Friendly Officers in Victoria
Don/Hopefully nice. Dark out now
05/26/2012, Victoria, BC
I apologize for missing a day or two. I have been focused on completing my article for an edited journal issue that a good friend is editing. I needed to compete it before we went out of Internet range. I also needed to manage a few things for my research team in CT. Both tasks are now complete.
We departed Bellingham and had a very easy cruise to Victoria, BC on the southern tip of Vancouver Island. Winds and waves were both light. We saw no ORCAs in Haro Straight. Reports are that they went out the Straights of Juan de Fuca. We tied up at a dock, not the marina in front of the Empress Hotel. Darn! There is a big sailboat race that leaves on Saturday, when we do - The Swiftsure Race. They race out about 90 miles to Swiftsure Banks and return. We expect to depart early on Saturday, the day I write this, before they do. Victoria is a small harbor with a narrow entrance. We do not want to get involved in the logjam so we depart at 5 am, in about 45 minutes.
We provisioned in Victoria or I should say Debbie and Dave provisioned our boat while I worked. A BC police officer stopped them for jaywalking in town. Canadadian police are so polite. They are the best! He greeted them and informed them of their transgression. He then offered to drive them down to the boat with all their groceries! Goodness! Would that that would happen in the US, eh? Debbie took some nice photo walks, too. I will post photos as soon as I am able to do so. We had one minor issue - the trickle charger for the battery in Rubber Ducky, our dinghy, was not working so our batter was dead in the dinghy. It must have stopped working over the winter. We borrowed a charger from Brian and it should be charged this morning. I will check. We will look for a new charger in Tofino in a few days. We should have wifi access there.
My warmest birthday greetings to my brother Dave who is sailing around the world with his wife, Mary, and is in Australia at the Great Barrier Reef! Happy birthday, bro!!!! Fair winds and many more years of cruising the world!
Bellingham to Victoria
05/24/2012, Victoria, BC
This morning we were up early to depart. For at least part of the trip, we journey with 5 other Grand Banks: Deception, Dream Catcher, Alaskan Drem, Grand Adventure, and Patos. To the sound of a loud cannon that Brian Pemberton had to signal our beginning, we departed Bellingham. Debbie took us out of our slip like a pro and took the first two-hour shift. Dave and I handled the lines and then pulled up the fenders and organized them on the stern rail. At 4 bells, Debbie turned the watch over to me as we approached Orcas Island. We had to work our way around a Washington State Ferry and then traveled through Pole Pass, a narrow slip of a pass, without any difficulty. It turned out to be a glorious day with temps in the low 60s and sunny skies.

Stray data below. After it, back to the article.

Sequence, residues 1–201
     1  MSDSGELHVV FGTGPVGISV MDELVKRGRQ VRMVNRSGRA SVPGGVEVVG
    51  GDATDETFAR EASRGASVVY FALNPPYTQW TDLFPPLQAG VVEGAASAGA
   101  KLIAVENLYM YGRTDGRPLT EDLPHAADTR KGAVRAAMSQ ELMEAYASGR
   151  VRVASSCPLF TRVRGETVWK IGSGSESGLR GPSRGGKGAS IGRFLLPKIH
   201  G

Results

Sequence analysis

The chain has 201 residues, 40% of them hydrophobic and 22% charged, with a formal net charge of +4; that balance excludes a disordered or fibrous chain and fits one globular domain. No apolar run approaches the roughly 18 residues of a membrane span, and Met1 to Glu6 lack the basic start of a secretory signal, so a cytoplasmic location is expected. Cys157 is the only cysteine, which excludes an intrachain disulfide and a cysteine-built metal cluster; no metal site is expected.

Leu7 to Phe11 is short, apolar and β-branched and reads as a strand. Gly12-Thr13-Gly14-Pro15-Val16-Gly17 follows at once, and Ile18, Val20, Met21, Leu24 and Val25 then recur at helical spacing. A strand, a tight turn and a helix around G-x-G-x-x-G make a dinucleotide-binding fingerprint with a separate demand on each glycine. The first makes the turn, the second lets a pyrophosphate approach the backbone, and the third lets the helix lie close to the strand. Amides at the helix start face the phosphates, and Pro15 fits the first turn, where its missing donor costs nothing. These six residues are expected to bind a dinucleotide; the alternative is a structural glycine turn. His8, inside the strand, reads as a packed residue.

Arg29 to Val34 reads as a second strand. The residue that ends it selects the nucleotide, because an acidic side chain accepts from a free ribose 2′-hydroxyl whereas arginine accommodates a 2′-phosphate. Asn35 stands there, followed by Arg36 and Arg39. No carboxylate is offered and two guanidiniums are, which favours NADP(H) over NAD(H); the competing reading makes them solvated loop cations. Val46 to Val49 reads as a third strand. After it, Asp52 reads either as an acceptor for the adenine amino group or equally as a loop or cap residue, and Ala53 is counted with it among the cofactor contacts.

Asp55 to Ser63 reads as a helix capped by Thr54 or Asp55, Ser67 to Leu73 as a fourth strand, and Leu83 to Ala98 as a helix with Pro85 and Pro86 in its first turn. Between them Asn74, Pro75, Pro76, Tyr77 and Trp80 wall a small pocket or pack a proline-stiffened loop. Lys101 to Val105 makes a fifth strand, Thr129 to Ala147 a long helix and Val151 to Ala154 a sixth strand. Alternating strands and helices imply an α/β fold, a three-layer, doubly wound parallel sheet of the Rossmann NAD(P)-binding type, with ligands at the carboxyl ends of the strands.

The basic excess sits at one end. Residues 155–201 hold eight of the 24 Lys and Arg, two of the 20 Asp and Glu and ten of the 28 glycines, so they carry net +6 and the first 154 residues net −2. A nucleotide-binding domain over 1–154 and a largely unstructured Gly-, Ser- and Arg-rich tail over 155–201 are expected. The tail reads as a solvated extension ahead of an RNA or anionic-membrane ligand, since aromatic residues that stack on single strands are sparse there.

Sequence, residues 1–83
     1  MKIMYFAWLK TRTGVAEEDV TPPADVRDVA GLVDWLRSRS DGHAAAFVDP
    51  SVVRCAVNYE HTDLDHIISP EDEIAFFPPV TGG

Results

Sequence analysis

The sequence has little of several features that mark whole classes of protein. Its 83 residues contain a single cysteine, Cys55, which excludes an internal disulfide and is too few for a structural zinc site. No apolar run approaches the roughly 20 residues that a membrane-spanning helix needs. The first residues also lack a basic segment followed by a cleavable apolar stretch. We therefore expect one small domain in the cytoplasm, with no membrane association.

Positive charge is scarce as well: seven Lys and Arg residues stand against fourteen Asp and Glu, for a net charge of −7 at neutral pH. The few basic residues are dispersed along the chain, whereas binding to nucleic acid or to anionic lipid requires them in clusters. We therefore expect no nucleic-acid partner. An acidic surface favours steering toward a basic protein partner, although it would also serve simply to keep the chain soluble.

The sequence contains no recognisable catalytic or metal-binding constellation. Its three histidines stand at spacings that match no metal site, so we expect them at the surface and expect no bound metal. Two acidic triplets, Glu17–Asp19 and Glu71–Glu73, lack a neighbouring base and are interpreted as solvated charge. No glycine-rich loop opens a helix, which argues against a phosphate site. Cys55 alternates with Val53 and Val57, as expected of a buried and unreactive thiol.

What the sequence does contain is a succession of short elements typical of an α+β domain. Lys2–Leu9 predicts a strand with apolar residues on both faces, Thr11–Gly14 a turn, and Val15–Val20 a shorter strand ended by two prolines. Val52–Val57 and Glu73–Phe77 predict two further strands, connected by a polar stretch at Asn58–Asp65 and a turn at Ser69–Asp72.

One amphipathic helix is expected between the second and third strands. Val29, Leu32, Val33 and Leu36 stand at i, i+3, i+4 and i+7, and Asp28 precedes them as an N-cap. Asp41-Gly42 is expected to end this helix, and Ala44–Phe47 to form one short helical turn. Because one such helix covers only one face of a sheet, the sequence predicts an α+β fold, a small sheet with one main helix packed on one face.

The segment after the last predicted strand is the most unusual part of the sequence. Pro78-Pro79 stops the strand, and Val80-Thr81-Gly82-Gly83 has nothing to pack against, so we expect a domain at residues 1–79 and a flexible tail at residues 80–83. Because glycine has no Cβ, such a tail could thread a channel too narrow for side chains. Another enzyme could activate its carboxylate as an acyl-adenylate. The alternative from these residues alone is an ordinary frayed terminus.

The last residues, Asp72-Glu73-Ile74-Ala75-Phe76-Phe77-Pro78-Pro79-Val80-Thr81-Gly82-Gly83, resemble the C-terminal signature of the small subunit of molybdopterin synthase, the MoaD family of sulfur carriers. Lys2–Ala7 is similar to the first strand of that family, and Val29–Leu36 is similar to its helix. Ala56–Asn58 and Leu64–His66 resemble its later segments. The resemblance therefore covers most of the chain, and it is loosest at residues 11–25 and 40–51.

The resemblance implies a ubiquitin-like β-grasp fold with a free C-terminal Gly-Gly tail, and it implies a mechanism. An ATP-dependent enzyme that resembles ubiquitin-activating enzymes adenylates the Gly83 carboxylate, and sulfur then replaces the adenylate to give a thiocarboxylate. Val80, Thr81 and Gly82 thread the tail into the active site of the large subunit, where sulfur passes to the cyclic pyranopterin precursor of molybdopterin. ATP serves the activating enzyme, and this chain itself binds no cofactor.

I should say here, that my brother Dave and his wife Mary are sailing around the world. There is a link to their blog, Leu Cat Adventures, to the left of this post. Dave had been struggling with temps in the low 80s on the Great Barrier Reef and water temps about the same and an occasional rain shower. Here, we are lucky to get days that reach the 60's, it rains nearly every day, and the water temp is about 48 degrees. Brrrrrr. So, Dave --- no complaints! ;-) Dave celebrates his birthday soon. Happy birthday, bro!!! I envy you your cruising adventures.
At 8 bells (noon) I turned the helm over to Dave Gracy, my brother in law, who took us down Haro Strait. I took a bit of a nap and then took us through several narrow passes and then over to Victoria. The traffic in Victoria is controlled, since it is such a small harbour. We followed the markers on the right side to enter and waited our turn at customs. Debbie is always our customs maven and she pulled off another easy entry into Canada. This, even though we were a little over the limit on beer and wine. It is always a bit strange since at most of the docks for Canadian Customs you call a person in Ontario, who checks you in. They have a record of all our trips and know us pretty well -- at least our data shows up on their screen and guides their questions. In 10 minutes, we were pulling off the Customs dock and heading over to the dock where we rafted next to Patos, a 46 foot Grand Banks.
Tonight it is barbecue spare ribs on the back deck and a glass of wine to celebrate our beginning. Tomorrow, Deb and Dave will explore and shop while I finish my article that is so very late. My apologies, Marla!!
A Row of Grand Banks Trawlers
05/23/2012, Squalicum Harbor- Bellingham, WA
These are the Grand Banks in our fleet at NW Explorations.
Breakfast at the Web Locker
05/23/2012, Squalicum Harbor- Bellingham, WA
The Web Locker is right near our dock and a favorite breakfast place.
05/23/2012, Squalicum Harbor- Bellingham, WA
Our boat is provisioned, systems have been checked, we are ready to go! We depart at 8 bells (8 am) tomorrow for Victoria. We have worked very hard the past few days to get Change of Latitude ready. New lines are on our dinghy, two new fenders are in place, a complete set of paper charts to Alaska are aboard, fishing gear is sorted out and ready to go, two new shrimp pots are aboard with weights, groceries for a month are stored, crab pots are packed, the engines and generator are checked, new chips with charts are in place on our chart plotters....we are ready for the West Coast of Vancouver Island and the Inland Passage. Dave, Deb, and I are excited about leaving. The weather will be a bit windy tomorrow but nothing that Δ Latitude has not seen before. Tomorrow, we are off!!!